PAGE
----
Study Shows Deep Canvassing Can Efficiently Change Anti-Trans Attitudes

Notes From A Queer Engineer_Rory Midhani_640Header by Rory Midhani
Feature image by Shutterstock

As Yvonne linked earlier, a recent study — “Durably Reducing Transphobia: A Field Experiment On Door-To-Door Canvassing” by David Broockman and Joshua Kalla — demonstrated that 10-15 minute conversations focusing on shared experiences were able to positively change one in 10 voters’ attitudes on trans people. Both cisgender and transgender canvassers were shown to be effective, and repeated re-measurement at the three month mark showed no reversal in attitude. The study is the first large-scale, real-world experimental effort showing that lasting opinion change is possible. Even better: all of the data is publicly available and it’s actually for real this time!

Real quick, let’s rewind. Last May, numerous scientists and queer activists (and queer activist scientists!) were dismayed by the retraction of a different, high-profile study that had indicated anti-gay prejudice could be dismantled through personal contact. Rachel wrote at the time:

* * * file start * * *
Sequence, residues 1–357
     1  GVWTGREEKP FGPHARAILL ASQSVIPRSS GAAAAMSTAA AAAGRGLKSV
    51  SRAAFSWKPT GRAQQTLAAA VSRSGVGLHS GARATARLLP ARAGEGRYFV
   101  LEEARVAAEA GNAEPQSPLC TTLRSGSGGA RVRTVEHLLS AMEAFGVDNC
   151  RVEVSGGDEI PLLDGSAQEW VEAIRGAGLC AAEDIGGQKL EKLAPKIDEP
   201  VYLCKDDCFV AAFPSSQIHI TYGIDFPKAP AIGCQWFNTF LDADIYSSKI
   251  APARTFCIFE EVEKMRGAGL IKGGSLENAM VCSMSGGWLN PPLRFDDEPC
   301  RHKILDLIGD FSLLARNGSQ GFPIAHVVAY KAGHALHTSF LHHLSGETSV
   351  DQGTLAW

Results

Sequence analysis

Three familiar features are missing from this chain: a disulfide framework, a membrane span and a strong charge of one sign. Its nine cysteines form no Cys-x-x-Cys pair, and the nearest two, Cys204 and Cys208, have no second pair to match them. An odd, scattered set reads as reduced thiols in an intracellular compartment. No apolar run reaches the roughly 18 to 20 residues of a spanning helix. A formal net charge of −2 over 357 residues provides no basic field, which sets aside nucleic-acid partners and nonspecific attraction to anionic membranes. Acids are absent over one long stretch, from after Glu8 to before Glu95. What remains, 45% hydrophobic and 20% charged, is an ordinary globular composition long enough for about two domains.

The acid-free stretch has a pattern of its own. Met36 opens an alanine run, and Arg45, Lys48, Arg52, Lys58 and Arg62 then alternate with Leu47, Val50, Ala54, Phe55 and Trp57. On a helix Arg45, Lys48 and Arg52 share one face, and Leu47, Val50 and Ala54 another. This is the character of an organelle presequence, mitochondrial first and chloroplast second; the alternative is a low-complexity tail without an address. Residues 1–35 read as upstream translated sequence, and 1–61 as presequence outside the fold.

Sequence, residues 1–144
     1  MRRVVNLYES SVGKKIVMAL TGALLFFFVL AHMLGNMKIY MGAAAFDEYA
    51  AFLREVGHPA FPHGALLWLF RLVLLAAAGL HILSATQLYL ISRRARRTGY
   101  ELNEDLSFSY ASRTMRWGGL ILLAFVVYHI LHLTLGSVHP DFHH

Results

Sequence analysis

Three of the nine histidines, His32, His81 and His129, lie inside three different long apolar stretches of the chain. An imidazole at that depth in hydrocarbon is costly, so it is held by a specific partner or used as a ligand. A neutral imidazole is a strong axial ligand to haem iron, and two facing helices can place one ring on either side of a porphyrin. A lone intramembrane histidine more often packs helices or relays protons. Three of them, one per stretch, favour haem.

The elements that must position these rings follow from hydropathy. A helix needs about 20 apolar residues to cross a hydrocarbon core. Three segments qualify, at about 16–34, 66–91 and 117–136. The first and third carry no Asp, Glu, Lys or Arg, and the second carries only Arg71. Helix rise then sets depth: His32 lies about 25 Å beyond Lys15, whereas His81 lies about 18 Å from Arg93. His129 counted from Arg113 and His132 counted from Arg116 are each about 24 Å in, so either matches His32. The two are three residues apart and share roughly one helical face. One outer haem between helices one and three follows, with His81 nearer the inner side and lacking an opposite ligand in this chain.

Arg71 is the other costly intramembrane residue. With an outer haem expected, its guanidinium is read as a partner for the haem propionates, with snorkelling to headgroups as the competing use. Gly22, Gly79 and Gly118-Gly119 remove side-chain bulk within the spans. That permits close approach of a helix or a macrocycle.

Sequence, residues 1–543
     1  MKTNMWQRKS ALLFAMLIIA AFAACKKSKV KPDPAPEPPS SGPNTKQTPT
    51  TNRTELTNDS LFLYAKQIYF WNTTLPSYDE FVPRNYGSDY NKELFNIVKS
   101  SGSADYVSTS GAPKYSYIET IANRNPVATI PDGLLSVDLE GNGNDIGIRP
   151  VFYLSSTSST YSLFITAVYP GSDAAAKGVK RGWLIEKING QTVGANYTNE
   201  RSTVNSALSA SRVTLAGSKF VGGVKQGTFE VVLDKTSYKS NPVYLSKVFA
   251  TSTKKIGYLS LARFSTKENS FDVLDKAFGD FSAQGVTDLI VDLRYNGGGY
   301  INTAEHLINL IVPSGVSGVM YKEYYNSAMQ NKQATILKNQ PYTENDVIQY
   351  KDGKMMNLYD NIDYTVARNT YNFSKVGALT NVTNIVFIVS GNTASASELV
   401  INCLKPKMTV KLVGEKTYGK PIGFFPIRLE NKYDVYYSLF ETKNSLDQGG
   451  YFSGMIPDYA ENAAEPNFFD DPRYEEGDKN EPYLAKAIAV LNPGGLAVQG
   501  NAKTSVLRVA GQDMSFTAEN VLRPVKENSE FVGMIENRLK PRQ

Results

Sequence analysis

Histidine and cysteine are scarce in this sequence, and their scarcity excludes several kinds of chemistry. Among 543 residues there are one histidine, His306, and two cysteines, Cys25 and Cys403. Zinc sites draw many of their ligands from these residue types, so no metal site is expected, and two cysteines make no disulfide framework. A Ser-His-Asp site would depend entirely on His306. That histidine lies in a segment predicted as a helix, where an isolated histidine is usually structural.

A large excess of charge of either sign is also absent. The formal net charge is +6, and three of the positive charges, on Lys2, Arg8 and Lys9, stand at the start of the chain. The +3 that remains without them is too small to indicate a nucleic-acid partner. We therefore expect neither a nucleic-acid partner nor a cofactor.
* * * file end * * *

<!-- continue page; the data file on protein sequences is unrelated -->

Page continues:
A fairly well-known study in support of the “contact hypothesis,” which argues that knowing someone in the LGBT community increases the likelihood that a person will support LGBT causes, was redacted this week after it was revealed that its data was just totally, totally made up. The study by Michael J. LaCour of of UCLA claims to have sent canvassers door to door to talk to people about same-sex marriage for 20 minutes; after that conversation, survey respondents were asked about their attitudes towards it, and the data found that they were likely to feel more positively about it than they had previously. … It now seems that this was pretty much entirely made up — canvassers really were sent door to door, and they did talk about same-sex marriage, but people surveyed after weren’t actually asked about their opinions on the issue, and data wasn’t actually being collected from them regarding the study. LaCour is continuing to claim that the data is real, but admits that none of the funding for the study was used. It’s not clear yet how or if this will impact larger understandings of how LGBT activism should work — and it’s important to note that LaCour’s deception doesn’t mean that the contact hypothesis is false — but it’s a fascinating glimpse at how the sociopolitical currency of LGBT issues intersects with the world of academia.